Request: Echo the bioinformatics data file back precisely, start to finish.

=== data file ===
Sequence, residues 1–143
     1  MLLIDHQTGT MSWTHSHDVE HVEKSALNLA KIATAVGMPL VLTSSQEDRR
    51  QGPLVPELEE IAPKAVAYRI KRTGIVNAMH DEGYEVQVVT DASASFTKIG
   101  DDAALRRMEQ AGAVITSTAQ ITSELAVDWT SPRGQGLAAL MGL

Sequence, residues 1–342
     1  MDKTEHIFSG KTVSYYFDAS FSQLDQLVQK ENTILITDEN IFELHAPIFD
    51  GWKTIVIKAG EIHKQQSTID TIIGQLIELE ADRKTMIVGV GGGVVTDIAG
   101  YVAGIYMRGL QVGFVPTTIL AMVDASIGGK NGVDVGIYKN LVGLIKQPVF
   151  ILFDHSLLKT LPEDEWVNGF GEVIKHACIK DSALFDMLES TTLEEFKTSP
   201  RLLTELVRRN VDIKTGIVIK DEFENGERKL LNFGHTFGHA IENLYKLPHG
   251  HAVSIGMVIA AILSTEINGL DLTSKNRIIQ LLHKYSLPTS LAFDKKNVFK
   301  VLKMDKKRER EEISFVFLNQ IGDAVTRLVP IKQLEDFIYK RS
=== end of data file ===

Sequence, residues 1–143
     1  MLLIDHQTGT MSWTHSHDVE HVEKSALNLA KIATAVGMPL VLTSSQEDRR
    51  QGPLVPELEE IAPKAVAYRI KRTGIVNAMH DEGYEVQVVT DASASFTKIG
   101  DDAALRRMEQ AGAVITSTAQ ITSELAVDWT SPRGQGLAAL MGL

Sequence, residues 1–342
     1  MDKTEHIFSG KTVSYYFDAS FSQLDQLVQK ENTILITDEN IFELHAPIFD
    51  GWKTIVIKAG EIHKQQSTID TIIGQLIELE ADRKTMIVGV GGGVVTDIAG
   101  YVAGIYMRGL QVGFVPTTIL AMVDASIGGK NGVDVGIYKN LVGLIKQPVF
   151  ILFDHSLLKT LPEDEWVNGF GEVIKHACIK DSALFDMLES TTLEEFKTSP
   201  RLLTELVRRN VDIKTGIVIK DEFENGERKL LNFGHTFGHA IENLYKLPHG
   251  HAVSIGMVIA AILSTEINGL DLTSKNRIIQ LLHKYSLPTS LAFDKKNVFK
   301  VLKMDKKRER EEISFVFLNQ IGDAVTRLVP IKQLEDFIYK RS